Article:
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Warcop Army Training Estate National Mapping Programme project

The Ministry of Defence's Army Training area at Warcop, Cumbria, was surveyed as part of the National Mapping Programme (NMP). The project was undertaken between July and September 2002, at the request of Defence Estates. An area of approximately 74 square kilometres was mapped as a first stage in enhancing the training area's management plan.

Colour aerial photograph showing some stone banks and other structures set against rough upland moorland
Prehistoric settlement at the head of Stow Gill, photographed on 13-JUL-2006. The site is visible as earthworks on the eastern slopes of Scordale Valley (NMR 20555_050) © Historic England

The project

The land rises from the valley of the River Eden over to the Pennine hills. Numerous becks dissect the fells and moorland areas, which are covered in blanket peat. Most of the area lies within the North Pennines Area of Outstanding Natural Beauty (AONB). Some parts are designated Sites of Special Scientific Interest (SSSI).

The NMP project discovered a number of new sites, whilst at the same time accurately mapping known sites, some of which were already scheduled. The mapping enabled Defence Estates to produce and put in place an Integrated Land Management Plan. This included a conservation plan for the archaeology within the military training area.

The data provided the basis for further fieldwork and ground survey that could evaluate the condition of the archaeological sites. This helped to produce an integrated record within a Geographic Information System (GIS).

Colour aerial photograph showing rough moorland with scree patches in the foreground with more remains in the background
Extensive post medieval lead-mining remains in the Scordale Valley visible on a photograph taken on 13-JUL-2006. In the foreground are dams and leats, providing the water necessary for lead mining and processing (NMR 20555/27). © Historic England

Archaeological features

Large areas of the training estate are currently used for pasture, primarily sheep grazing. However, there has been settlement in the past, ranging from the Bronze Age to post medieval. The military features relating to the army's use of the training estate are also interesting.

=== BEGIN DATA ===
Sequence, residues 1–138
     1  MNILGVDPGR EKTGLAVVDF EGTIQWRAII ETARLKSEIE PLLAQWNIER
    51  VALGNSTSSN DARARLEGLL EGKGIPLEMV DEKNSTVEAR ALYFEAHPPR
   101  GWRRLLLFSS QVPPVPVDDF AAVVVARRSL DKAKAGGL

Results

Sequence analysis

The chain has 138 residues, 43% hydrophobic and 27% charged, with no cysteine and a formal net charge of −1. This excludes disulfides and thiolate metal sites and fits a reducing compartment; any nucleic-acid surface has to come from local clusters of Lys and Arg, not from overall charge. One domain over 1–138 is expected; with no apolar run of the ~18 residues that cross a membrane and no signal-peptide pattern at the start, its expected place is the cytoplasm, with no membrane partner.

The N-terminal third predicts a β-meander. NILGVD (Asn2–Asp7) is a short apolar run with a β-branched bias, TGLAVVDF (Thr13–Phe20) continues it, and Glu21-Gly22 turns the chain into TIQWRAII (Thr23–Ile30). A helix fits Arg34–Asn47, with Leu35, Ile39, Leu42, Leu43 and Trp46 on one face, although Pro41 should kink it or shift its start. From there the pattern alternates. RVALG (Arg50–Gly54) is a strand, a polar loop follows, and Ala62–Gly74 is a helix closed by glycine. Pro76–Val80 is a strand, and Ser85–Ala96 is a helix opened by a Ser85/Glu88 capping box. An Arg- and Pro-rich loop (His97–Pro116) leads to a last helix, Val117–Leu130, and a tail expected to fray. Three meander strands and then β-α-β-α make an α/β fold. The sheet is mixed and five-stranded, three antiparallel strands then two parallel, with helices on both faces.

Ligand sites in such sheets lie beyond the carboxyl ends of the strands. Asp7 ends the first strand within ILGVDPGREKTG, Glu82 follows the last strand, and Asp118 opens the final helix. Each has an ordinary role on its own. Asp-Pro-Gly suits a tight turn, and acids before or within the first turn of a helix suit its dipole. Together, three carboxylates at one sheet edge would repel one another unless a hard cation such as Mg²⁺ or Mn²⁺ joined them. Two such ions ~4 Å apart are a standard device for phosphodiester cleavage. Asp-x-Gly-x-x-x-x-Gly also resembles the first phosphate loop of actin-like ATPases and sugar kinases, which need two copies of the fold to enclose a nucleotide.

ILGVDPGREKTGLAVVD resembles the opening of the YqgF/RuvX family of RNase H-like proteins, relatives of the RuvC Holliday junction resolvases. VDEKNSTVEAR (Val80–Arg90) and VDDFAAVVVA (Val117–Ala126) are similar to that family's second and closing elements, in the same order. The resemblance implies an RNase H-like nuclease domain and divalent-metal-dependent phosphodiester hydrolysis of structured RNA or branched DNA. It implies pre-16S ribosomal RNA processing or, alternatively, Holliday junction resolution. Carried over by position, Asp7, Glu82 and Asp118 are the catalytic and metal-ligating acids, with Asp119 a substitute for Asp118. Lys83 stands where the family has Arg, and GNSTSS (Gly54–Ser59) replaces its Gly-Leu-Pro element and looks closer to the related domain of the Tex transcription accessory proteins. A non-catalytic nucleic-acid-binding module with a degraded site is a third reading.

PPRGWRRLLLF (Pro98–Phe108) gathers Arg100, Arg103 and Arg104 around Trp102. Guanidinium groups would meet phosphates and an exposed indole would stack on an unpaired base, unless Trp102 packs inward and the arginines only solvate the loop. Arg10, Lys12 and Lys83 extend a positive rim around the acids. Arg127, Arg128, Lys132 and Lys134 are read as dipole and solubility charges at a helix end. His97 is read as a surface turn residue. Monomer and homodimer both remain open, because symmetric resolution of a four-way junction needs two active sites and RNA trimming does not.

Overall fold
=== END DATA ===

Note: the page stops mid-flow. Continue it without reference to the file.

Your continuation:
There are several possible prehistoric settlements at Warcop. Some sites lie at the base of limestone ridges, which would offer them some shelter. Others are in more exposed positions, such as at Stow Gill. Here a possible prehistoric settlement survives as low stone walls. There are hut circles, a group of enclosures and a field system.

The Scordale Valley was extensively exploited for lead during the 18th and 19th centuries. Some mines were also worked for barites (a mineral with many industrial uses). Some mines were reopened for this purpose in the 20th century. There are extensive industrial remains surviving. These include mine shafts, spoil heaps, tramways, buildings, with their associated crushing mills and systems of leats and dams.

Warcop Army Training Estate was established in 1942 as a tank gunnery range. It was refurbished in 1994 with new ranges and is still actively in use for military training. Features associated with this military activity include a firing range, targets, trenches and bunkers as well as numerous shell grazes.

Black and white aerial photograph showing an upland landscape with some large earthwork structures, some joined by trackways
20th century military features below Roman Fell photographed on 16-JUL-2000. Features include a firing range, targets, trenches and bunkers as well as numerous shell grazes, damaging a medieval farmstead (NMR 17467/31) © Historic England

The key findings from the project can be found in the Warcop Army Training Estate NMP report:

Warcop Army Training Estate NMP: Summary Report, Cumbria

Warcop Army Training Estate NMP: Summary Report, Cumbria

Published 1 September 2002

This report details the background, scope, methodology and resources of the Warcop ATE NMP project. There is a brief summary of results giving statistics based on the numbers of new and amended records created by the project.

The images used on this page are copyright Historic England unless specified otherwise. For further details of any photographs or other images and for copies of these, or the plans and reports related to the project, please contact the Historic England Archive.

For further information on a project or any other aspect of the work of the Remote Sensing Team please contact us via email using the link below.

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